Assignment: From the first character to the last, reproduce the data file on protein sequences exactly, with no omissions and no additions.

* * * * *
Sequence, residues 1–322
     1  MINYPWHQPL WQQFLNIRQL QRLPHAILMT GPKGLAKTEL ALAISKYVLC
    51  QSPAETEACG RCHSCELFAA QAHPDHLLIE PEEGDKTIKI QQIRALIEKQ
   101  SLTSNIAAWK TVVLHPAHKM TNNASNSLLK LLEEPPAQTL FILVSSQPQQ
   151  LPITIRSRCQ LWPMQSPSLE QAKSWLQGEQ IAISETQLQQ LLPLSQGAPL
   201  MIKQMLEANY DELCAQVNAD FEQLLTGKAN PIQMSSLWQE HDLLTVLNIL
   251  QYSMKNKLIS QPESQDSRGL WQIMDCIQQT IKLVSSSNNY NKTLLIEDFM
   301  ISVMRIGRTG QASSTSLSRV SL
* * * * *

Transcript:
Sequence, residues 1–322
     1  MINYPWHQPL WQQFLNIRQL QRLPHAILMT GPKGLAKTEL ALAISKYVLC
    51  QSPAETEACG RCHSCELFAA QAHPDHLLIE PEEGDKTIKI QQIRALIEKQ
   101  SLTSNIAAWK TVVLHPAHKM TNNASNSLLK LLEEPPAQTL FILVSSQPQQ
   151  LPITIRSRCQ LWPMQSPSLE QAKSWLQGEQ IAISETQLQQ LLPLSQGAPL
   201  MIKQMLEANY DELCAQVNAD FEQLLTGKAN PIQMSSLWQE HDLLTVLNIL
   251  QYSMKNKLIS QPESQDSRGL WQIMDCIQQT IKLVSSSNNY NKTLLIEDFM
   301  ISVMRIGRTG QASSTSLSRV SL